For more than a month, people have been bombarded with ads, displays, and commercials about things to buy for Halloween: costumes, candy, house decorations, yard displays, etc., etc., etc. Indeed, more money is spent on Halloween than any other holiday except Christmas—which I find pretty horrifying in and of itself.
But that’s just the tip of the horror: evil witches, vampire bats, the walking dead, haunted houses, werewolves, and not-nearly-as-friendly-as-Casper ghosts. The scary side of the season is why the previous four blogs on this website have been about evil twins, being buried alive, satanism, and vampires.
Hard on the heels of Halloween comes Dia de Muertos, The Day of the Dead (though it seems to me it ought to be Days, plural). It begins at midnight on October 31 and continues through November 1 and 2.
- Writers please note:although November 1 and 2 coincide with the Catholic holidays of All Saint’s Day and All Soul’s Day, respectively, the Day of the Dead is not now tied to any particular religion. It is more of a cultural holiday than a religious one.
Scholars have traced the modern holiday back hundreds of years, particularly to an Aztec festival dedicated to the goddess Mictecacihuatl. People can, and have, personalized it, integrating elements into their own cultural and/or religious practices. It is nearly opposite of all that Halloween stands for.
In Aztec mythology, Mictlan was the underworld and after-death destination for the majority of people. The ruler of Mictlan was
Mictlantecuhtli, who held the bones used to create all of humanity.
Mictlancíhuatl was his wife, who watches over the souls of the dead.
Dio de Muertos is celebrated throughout Mexico, especially the central and southern regions. It is also celebrated by people of Mexican heritage worldwide. Although the details of the celebration vary by location, the central elements are the same: celebrating the lives of those who have died with feasting, parties, costumes, and activities the dead enjoyed in life.
October 31 is usually devoted to preparing to welcome the souls of loved ones. A home altar is created, decorated with candles and lots of food and drink: fruits, peanuts, turkey mole, tortillas, and Day of the Dead breads (pan de muerto) ; sodas, cocoa, and water. These offerings are called ofrenda, though that can also refer to the altar itself. The breads often have icing that resembles and bones across the top. Buckets of flowers, especially wild marigolds (cempasúchitl), are used as well.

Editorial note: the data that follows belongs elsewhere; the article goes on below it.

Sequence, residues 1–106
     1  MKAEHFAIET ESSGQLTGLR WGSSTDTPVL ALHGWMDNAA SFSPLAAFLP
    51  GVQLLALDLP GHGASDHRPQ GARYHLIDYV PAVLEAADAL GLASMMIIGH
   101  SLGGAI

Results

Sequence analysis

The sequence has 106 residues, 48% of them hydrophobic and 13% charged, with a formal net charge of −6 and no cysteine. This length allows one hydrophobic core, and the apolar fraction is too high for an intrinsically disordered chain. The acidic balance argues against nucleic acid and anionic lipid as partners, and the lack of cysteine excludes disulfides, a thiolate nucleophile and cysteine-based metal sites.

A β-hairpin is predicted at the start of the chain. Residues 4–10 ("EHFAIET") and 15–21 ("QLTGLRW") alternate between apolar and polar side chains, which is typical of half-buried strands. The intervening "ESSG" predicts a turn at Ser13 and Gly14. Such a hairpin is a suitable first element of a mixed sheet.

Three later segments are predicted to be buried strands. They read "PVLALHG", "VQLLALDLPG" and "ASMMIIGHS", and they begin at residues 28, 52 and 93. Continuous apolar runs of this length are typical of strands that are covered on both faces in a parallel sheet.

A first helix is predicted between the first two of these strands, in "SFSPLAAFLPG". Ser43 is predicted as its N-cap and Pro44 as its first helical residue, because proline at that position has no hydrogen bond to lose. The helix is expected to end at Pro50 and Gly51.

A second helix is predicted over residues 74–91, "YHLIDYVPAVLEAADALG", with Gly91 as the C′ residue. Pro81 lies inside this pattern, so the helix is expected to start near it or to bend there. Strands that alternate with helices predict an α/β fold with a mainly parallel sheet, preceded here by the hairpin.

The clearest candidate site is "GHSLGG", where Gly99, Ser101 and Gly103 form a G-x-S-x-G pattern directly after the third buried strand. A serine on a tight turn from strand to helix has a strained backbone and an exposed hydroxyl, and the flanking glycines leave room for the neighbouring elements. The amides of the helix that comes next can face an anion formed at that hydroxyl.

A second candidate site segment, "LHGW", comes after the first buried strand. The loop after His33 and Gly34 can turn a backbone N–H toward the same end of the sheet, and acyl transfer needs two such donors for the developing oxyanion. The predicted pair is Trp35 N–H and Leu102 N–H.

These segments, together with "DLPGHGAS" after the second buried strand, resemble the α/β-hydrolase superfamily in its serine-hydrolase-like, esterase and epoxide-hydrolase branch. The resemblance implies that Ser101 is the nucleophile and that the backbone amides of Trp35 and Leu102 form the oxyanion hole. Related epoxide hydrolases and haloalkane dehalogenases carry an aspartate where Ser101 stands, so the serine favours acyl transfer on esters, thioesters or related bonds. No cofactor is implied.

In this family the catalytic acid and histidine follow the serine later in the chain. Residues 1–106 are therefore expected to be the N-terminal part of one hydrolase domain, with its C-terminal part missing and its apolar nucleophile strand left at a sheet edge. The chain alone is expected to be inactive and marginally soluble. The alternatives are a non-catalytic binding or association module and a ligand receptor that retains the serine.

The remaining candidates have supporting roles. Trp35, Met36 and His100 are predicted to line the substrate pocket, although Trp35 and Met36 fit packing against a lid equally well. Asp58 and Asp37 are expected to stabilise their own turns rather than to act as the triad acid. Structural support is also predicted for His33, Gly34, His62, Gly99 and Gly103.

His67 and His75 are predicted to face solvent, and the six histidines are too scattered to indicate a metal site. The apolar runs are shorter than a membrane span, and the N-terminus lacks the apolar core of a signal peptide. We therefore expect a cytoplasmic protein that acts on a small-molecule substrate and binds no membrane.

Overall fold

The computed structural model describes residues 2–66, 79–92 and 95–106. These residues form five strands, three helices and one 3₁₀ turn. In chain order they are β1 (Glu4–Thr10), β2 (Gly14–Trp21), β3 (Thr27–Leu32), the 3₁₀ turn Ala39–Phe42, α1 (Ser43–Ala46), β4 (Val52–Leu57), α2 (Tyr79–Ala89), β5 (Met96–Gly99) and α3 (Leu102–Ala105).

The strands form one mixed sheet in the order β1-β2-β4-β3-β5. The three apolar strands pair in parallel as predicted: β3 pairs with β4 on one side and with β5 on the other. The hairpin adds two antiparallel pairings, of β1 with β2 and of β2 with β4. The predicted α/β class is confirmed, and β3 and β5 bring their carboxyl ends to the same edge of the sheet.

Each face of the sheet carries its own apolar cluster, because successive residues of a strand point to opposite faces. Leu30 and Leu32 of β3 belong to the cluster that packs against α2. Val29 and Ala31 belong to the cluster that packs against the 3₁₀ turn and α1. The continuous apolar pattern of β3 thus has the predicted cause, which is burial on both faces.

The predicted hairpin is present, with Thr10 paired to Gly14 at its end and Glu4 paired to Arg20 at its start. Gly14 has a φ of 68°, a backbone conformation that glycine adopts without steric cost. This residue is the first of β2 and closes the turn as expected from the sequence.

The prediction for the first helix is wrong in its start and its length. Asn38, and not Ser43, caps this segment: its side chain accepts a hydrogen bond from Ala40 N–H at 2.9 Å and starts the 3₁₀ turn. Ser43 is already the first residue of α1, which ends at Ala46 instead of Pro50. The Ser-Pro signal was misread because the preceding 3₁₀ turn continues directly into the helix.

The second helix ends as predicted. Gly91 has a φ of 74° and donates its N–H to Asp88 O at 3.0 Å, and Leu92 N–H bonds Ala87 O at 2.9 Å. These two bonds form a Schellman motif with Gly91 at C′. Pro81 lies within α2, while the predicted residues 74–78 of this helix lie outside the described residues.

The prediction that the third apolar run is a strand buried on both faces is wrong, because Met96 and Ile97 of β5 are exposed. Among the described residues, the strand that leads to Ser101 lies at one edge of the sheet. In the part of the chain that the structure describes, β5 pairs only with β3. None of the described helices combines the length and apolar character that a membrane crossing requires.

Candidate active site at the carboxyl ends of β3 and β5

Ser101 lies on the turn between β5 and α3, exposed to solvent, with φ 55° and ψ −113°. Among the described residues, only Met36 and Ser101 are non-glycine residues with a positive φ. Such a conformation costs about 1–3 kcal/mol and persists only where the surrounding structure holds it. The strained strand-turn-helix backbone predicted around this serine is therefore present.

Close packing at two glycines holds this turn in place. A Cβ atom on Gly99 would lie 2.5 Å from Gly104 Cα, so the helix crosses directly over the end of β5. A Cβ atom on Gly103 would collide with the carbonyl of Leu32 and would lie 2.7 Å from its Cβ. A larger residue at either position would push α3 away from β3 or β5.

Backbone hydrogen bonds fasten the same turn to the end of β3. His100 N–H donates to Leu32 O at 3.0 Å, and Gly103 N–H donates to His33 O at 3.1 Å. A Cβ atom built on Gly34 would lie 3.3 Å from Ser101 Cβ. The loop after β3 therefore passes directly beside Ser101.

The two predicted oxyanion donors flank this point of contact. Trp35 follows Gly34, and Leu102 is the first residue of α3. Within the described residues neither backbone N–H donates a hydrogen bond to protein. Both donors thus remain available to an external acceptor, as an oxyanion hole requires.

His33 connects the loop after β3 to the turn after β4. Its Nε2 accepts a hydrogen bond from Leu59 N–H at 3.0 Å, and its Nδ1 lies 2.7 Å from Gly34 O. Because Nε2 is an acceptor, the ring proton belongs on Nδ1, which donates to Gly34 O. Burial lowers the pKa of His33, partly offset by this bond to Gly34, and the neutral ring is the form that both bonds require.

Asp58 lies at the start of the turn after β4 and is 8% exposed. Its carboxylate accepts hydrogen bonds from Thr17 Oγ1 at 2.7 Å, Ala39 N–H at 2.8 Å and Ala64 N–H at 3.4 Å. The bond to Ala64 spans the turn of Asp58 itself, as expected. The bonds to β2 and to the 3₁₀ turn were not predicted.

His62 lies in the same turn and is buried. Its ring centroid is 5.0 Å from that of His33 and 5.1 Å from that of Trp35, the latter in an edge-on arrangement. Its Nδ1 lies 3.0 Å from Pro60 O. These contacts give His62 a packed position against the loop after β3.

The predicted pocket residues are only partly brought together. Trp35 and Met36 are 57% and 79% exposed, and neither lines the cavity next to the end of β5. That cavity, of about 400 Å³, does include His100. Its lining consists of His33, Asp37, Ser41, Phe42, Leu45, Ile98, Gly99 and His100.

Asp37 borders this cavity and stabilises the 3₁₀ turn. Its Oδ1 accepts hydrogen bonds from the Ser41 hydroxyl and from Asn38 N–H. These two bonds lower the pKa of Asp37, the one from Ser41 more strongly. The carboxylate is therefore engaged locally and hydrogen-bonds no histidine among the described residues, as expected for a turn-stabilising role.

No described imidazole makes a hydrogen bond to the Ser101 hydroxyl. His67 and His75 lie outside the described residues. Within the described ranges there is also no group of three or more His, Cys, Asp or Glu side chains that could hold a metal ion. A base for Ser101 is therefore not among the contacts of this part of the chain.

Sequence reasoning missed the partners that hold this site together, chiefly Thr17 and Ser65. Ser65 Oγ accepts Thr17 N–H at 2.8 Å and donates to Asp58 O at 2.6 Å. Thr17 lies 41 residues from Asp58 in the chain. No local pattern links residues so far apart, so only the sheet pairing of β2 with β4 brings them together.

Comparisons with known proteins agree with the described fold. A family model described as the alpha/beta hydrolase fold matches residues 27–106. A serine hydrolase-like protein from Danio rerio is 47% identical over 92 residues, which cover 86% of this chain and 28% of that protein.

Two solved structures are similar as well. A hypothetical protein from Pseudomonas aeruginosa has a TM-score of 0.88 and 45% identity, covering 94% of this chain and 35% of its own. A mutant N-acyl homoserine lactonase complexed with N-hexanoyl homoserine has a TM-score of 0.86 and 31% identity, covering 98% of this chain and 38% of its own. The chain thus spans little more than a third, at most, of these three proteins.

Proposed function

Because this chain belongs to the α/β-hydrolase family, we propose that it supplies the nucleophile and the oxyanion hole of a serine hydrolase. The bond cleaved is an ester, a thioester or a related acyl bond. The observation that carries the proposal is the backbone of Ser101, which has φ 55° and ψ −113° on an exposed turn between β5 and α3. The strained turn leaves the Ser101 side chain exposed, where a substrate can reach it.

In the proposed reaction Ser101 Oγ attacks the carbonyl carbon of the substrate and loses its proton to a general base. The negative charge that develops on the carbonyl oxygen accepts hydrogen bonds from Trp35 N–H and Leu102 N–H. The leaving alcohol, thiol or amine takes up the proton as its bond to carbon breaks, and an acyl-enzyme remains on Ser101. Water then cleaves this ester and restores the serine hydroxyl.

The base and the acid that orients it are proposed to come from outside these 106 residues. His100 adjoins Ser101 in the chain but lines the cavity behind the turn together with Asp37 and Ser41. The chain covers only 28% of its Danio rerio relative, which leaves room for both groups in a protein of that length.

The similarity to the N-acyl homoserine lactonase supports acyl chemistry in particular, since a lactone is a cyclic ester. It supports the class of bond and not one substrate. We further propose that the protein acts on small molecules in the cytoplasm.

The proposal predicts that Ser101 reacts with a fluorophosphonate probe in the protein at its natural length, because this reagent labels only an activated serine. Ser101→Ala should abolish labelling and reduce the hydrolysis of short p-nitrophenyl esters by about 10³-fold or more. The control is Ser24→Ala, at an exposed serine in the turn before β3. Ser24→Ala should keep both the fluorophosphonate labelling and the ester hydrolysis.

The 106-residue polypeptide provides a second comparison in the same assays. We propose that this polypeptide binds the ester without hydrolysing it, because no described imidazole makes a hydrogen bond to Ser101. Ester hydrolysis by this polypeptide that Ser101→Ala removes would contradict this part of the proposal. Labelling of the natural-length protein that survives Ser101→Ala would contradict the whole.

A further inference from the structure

Traditional altars include very specific elements, each with a distinct purpose.
- A candle for each relative remembers, so that the light will guide them.
- Flowers to represent the fleetingness of life.
- Salt and water to purify and refresh the souls tired from the journey.
- Copal incense to raise prayers to God.
- A photo or drawing of each relative, often with a favorite piece of clothing or toy.
The holiday begins when the souls of dead children and miscarried babies are allowed to return to their families for twenty-four hours, on Día de los Inocentes. Toys, candies, and miniature skulls are added to the home altars for these angelitos. On November 2, the spirits of adults arrive. The miniature skulls are replaced by full-sized ones. For adults, the altar includes cigarettes, shots of mezcal, and/or the favorite drink of the dead person(s).
Sugar art was learned from Italian missionaries in the 17th century, who made sugar lambs and angels to adorn altars in Catholic Churches at Easter. Clay molded sugar skulls, angels, and sheep date back to the 18th century. As described on mexicansugarskull.com, “Sugar skulls represented a departed soul, had the name written on the forehead and was placed on the home Ofrenda [altar] or gravestone to honor the return of a particular spirit.” According to the same source, “Sugar skull art reflects the folk art style of big happy smiles, colorful icing and sparkly tin and glittery adornments.”
Now they are represented by jewelry and masks.
Typically, the holiday activities includes a trip to the cemetery/graveyard where loved ones are buried. Besides clean-up and maintenance of the gravesite, these visits include a party, often with local music, games, card playing, feasting, and decorating the graves.
Although a Mexican holiday, the Day of the Dead is celebrated worldwide. In the United States, Texas, New Mexico, and Arizona feature pretty traditional celebrations.
California, too, has strong historical ties to Mexico and Dia de Muertos is celebrated widely across the state—though the celebrations sometimes add a political element, such as an altar to honor the victims of the Iraq War.
Virtually every big city has a festival and events. For example, the historic Forest Hills Cemetery in Boston’s Jamaica Plain neighborhood hosts an annual festival celebrating the cycle of life and death. People bring food, flowers, pictures, and mementos to add to a huge decorated altar. It includes traditional music and dance.
Bottom line for writers: consider a scene involving Day of the Dead celebrations. Perhaps it is a tradition for one or more characters, or perhaps the protagonist just happens to be in a city where the celebration is taking place. Think broadly!